The Ashburton Guardian Magna est Veritas et Prævalebit. TUESDAY, APRIL 29, 1890. LOCAL AND GENERAL
The upper harbor at Dunedin is just now swarming with red cod.
The date for the opening of Parliament has been definitely fixed for June 19th.
We have to acknowledge receipt of the Government Railway timetables for May.
The Railway servants of Christclmrch have decided by 573 to 34 to affiliate with the Canterbury Trades and Labour Council.
Narayan Sheshadri is one of the college converts in India; and he has been the means of bringing a thousand heathens into the Christian told. • ■ - • , ,'
The Russian Government has perfected the scheme for a Siberian Railway. It will be 4775 miles in length, and it is expected to cost £35,000,000, and be completed within ten years. •
The "Cromwell Argus" learns tliafc the rabbits are slowly but surely spreading towards the West Coast. They have not yet reached the seaboard, but the time is not far distant when they will." ( ,■;
A survey of canals for the irrigation of a large tract of country in Riverina has just been completed. The length of the country to be traversed is 230 miles, and the cost of the undertaking is calculated at £1,500,000.
Ab a meeting of the Vestry of St Stephen's last evening Mr R. Wr Brooking was appointed verger vice Mr Cook who has resigned, being about to pay a visit to England.
India-rubber for street-paving is now talked of in London ; granite, asphalt, wood, and other materials have been tried and found wanting. Rubber has been laid down on the approaches to Euston Railway Station and seems to be serviceable. It isj also, on trial in Berlin.
Chang, the famous giant, is hi poor health, and has been staying for several weeks at Ryde, Isle of Wright. He says that of late years, owing to his having to stoop so much' in order to enter houses, etc., his height has deteriorated several inches. He stands now only 7ift. He is rarely seen in the day time owing to the curiousity he excites, but in the evening he frepuently takes walks abroad. ' His permanent residence is Bournemouth. :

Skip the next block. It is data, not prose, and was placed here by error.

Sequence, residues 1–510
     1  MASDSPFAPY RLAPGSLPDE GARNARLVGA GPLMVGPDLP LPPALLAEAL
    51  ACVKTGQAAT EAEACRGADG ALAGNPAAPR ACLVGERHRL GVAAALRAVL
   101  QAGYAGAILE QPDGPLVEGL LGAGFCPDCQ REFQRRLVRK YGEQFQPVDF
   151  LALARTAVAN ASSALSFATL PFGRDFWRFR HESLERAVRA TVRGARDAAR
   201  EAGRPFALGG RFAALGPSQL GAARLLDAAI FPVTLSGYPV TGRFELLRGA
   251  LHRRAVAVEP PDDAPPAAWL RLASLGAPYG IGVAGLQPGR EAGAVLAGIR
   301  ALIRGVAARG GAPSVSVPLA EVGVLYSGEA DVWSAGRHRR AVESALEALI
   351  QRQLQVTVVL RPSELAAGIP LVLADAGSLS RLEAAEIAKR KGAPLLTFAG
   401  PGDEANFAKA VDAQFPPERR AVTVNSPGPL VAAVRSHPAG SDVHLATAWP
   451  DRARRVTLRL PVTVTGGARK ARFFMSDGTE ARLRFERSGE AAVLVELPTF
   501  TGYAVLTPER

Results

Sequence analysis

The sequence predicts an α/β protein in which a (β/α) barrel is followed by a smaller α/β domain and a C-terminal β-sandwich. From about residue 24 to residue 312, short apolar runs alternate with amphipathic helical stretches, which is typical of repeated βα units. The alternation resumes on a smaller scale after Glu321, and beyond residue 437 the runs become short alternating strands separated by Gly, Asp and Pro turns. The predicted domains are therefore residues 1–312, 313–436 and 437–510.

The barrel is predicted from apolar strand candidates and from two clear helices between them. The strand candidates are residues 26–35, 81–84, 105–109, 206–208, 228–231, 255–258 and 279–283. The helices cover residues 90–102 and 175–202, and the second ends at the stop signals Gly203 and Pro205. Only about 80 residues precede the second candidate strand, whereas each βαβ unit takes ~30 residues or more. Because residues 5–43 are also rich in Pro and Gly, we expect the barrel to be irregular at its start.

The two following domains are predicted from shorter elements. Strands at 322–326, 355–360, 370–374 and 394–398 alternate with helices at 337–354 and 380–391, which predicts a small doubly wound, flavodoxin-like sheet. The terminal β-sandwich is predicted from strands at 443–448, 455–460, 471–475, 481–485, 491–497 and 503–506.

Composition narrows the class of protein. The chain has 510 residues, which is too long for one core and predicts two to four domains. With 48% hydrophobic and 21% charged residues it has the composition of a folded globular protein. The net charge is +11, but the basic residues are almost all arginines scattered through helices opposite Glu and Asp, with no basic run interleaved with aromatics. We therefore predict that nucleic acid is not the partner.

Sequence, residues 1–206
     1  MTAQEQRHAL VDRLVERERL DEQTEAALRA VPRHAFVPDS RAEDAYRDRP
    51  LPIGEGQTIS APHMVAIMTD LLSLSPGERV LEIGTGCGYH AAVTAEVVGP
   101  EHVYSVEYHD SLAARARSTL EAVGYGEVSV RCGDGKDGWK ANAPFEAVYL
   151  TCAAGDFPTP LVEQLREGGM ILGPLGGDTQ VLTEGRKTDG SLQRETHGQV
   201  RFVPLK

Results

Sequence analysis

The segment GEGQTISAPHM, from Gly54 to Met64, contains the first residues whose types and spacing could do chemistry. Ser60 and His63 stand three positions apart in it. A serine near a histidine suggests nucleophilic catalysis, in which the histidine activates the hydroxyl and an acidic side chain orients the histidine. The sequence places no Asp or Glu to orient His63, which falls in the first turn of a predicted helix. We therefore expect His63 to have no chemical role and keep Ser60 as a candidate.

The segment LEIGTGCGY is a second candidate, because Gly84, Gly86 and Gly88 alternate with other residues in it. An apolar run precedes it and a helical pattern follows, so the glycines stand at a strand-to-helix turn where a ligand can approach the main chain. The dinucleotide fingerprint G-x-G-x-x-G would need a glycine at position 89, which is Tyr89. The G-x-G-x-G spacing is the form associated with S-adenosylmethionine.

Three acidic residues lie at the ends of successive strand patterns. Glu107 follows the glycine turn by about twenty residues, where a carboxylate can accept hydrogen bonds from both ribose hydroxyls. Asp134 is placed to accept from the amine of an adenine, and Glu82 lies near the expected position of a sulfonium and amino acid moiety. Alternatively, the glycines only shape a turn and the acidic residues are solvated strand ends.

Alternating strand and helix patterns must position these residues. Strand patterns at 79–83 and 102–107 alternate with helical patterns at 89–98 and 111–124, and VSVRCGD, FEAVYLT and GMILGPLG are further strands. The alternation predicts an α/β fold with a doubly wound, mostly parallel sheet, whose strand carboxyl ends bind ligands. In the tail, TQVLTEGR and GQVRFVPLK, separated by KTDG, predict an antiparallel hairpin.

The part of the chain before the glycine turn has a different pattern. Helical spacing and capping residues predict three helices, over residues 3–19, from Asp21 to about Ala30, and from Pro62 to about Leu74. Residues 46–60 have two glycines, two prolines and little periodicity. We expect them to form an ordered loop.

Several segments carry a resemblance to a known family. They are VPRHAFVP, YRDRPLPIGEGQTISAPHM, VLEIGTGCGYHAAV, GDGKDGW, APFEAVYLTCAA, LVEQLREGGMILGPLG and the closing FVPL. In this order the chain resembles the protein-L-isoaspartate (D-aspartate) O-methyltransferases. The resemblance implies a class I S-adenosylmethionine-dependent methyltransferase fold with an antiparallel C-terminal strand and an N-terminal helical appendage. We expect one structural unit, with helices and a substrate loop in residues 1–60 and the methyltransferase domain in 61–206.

The northern papers are calling attention to the manner in which Sir William Fox conducts the business" when he sits on the bench at Auckland. Each person charged Avith drunkenness is subjected to a, string of questions, principally iutended to discover the hotel in which drink was obtained. Sir William also appears to inflict the full penalty allowed, and no first offender seems to escape under a fine of £1 or 48 hours' imprisonment, a second offender being fined £3, or, in default, seven days.
Our readers are reminded that the annual social of the Foresters will, as usual, take place in the Oddfellows' Hall to-morrow evening, when the votaries of dancing will find the music supplied quite up to their wishes. The members of the Court • arc making every effort to bring this social off very successfully, and the catering being in the hands of Mr J. Ranger, no doubts need be had on that score.
Here is a queer story from Auckland. Mr Samuel Locke, ex-M.H.R., who died suddenly the other day had imbibed a faith in astrology, and he some time ago sent home for an Astrological Almanac for 1836,. the year of his birth, in order that from it he might calculate his horoscope. He did so, and he told his friends that he believed if he could get over this month he would escape a groat danger which thrcained him. He was afraid to go anywhere in case he should meet with an accident. lie felt a sti ong conviction that sonic accident would happen to him. The prediction of astrology was true. Had it any effect in bringing about its own accomplishment ?
Pickford and Undrill made a very goo.l show of locally manufactured furniture in their windows on Saturday night. They had four chests of draAver« two of which were of the early English pattern, and one halfScotch. These were all made up from North Island rnnu, and the patterns of the wood worked out in very pretty designs. A suit in nine pieces also in riinu, upholstered with fancy cretonne, and another of the same wood in silk tapestry showed how .suitable thi.s Now Zealand wood is for furniture. Cheffoniers in kauri and wasjiatands in rimu were also exhibited, the various items making a very nice show under the gas-light. They will be on view for a few dn.y.3 prior to delivery, as most of the goods are special orders from local residents.